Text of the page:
Revelstoke’s sled trails offer something for everybody

Experts and novices alike can find their fit in this B.C. snowmobiling destination

by Kimberly Schoenberger

A view of the sunset from Turtle Mountain looking toward Eagle Pass.
A view of the sunset from Turtle Mountain looking toward Eagle Pass. Photo courtesy

There’s no shortage of trails or powder in the backcountry around Revelstoke, B.C., and whether you’re a beginner or an expert, you’ll be sure to find the perfect snowmobiling adventure.

Frisby Ridge

For the beginners, professional snowmobiler Rob Alford recommends hitting up Frisby Ridge, though he advises that sledders should proceed with caution.

“They have a groomed trail,” he said, “but what people don’t realize is that there’s armpit-deep powder right off the trail. (Beginners) will go off the track and just get stuck everywhere.”

As long as they keep their eyes on the prize and avoid the temptation of exploring the unknown, novice sledders should have no problem getting up into the mountains and to the cabins on the trail.

“It has really nice views as well,” said Alford. “And on a really nice day you can see all of the surrounding mountains.”

It’s not only beginners that will have a good time on Frisby Ridge, though. There are also back areas and deep powder snow that will serve as a challenge to experienced riders.

“It’s kind of the best of both worlds,” said Alford. “A lot of times the snow around here is so deep that you need to stick to the main areas.”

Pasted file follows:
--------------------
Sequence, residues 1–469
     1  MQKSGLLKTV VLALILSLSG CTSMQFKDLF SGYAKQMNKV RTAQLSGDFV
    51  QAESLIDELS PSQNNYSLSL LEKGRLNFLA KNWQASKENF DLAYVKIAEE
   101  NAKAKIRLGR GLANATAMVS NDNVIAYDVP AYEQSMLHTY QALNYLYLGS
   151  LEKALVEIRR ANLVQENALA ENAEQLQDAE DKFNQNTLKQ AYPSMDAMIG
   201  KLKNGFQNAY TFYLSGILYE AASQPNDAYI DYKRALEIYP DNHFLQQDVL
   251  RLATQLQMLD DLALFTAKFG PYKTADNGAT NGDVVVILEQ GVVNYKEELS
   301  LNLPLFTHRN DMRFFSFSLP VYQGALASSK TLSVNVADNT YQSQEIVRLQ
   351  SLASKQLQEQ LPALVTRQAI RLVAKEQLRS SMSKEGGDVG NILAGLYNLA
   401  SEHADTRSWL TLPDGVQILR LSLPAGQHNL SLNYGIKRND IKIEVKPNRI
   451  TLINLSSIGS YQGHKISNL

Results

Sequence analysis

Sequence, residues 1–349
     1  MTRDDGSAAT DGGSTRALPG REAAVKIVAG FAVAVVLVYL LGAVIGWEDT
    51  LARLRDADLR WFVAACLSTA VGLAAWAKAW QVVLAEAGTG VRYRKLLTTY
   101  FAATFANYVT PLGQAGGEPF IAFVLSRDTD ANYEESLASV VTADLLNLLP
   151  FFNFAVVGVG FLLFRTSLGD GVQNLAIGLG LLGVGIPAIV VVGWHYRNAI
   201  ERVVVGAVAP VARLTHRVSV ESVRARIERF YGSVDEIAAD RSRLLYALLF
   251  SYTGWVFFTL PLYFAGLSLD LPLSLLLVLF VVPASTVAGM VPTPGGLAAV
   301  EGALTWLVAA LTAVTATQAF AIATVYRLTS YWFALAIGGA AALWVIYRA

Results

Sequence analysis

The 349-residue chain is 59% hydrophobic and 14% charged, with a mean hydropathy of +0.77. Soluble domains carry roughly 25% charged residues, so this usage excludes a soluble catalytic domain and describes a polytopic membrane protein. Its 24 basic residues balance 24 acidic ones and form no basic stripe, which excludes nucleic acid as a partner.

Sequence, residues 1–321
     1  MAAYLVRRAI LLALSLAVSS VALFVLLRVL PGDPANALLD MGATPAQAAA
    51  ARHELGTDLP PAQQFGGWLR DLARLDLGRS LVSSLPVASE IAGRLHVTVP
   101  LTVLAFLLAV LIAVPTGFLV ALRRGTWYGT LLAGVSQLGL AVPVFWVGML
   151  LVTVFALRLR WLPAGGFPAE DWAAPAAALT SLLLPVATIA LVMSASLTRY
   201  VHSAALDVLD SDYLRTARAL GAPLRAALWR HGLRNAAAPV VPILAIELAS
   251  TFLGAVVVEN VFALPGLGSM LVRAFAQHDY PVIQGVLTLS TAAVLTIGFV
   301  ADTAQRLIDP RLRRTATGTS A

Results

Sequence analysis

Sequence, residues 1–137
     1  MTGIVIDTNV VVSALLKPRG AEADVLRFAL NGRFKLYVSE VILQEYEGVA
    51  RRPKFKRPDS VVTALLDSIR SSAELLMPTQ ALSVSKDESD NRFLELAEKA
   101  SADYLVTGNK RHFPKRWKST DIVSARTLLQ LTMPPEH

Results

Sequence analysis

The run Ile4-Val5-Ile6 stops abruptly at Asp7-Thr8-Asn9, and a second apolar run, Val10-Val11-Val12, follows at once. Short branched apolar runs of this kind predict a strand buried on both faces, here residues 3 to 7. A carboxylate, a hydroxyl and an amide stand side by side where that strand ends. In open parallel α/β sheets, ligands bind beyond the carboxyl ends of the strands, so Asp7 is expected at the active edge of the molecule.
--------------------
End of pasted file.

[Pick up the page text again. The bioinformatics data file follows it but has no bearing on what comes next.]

Turtle Mountain

Alford shared that his personal favourite in the Revelstoke area is Turtle Mountain, a route that starts between Boulder Mountain and Frisby Ridge.

This route’s long ride makes for a great combination of varied terrain, though due to a substantial lack of packed trails it is strongly recommended for only experienced sledders.

“It’s not as travelled, and it’s a super long ride through a bunch of different areas,” said Alford. “There are different terrain features that make it a really interesting ride. You’re riding pow, then you hit some jumps, and there’s hill climbs and other stuff along the way, too.”

If you know where you’re going and you’re feeling extra ambitious out in the snow, Alford said that the ride can easily be extended to include Boulder Mountain, another local favourite.

Safety first

Last year, Alford and his sledding buddies headed out for the first time in the last week of October, but they ventured carefully.

“We usually go up and check it out first, because it’s good to be on the safe side. You don’t want to hit rocks or anything,” Alford said. “There was a good amount of snow—probably about five feet—but not enough to carve, and there might have been some rocks that we couldn’t see.”

In keeping with his safety measures, Alford decided to push back any further treks into the backcountry.

“I went away for five days... and when I came back, it was go time,” he said. “It was like winter up there and we were good to go.”

New season, new areas

As he hopes to every year, this season Alford wants to see if he can find some new untouched spots to sled.

“I’d like to try and explore new areas, if it’s the right time and there is avalanche stability,” he said. “It’s nice to go in areas where people haven’t explored yet.”

Uncharted territory and the carefully packed trails are what combine to make Revelstoke such a great destination for snowmobilers.

“There are just a lot of areas to ride around here,” said Alford. “It’s not like you have to go searching for powder, because it’s everywhere. There are lots of places that people can ride and the snow is really good.”

For more information on Revelstoke’s riding areas, check out the Sled Revelstoke website.

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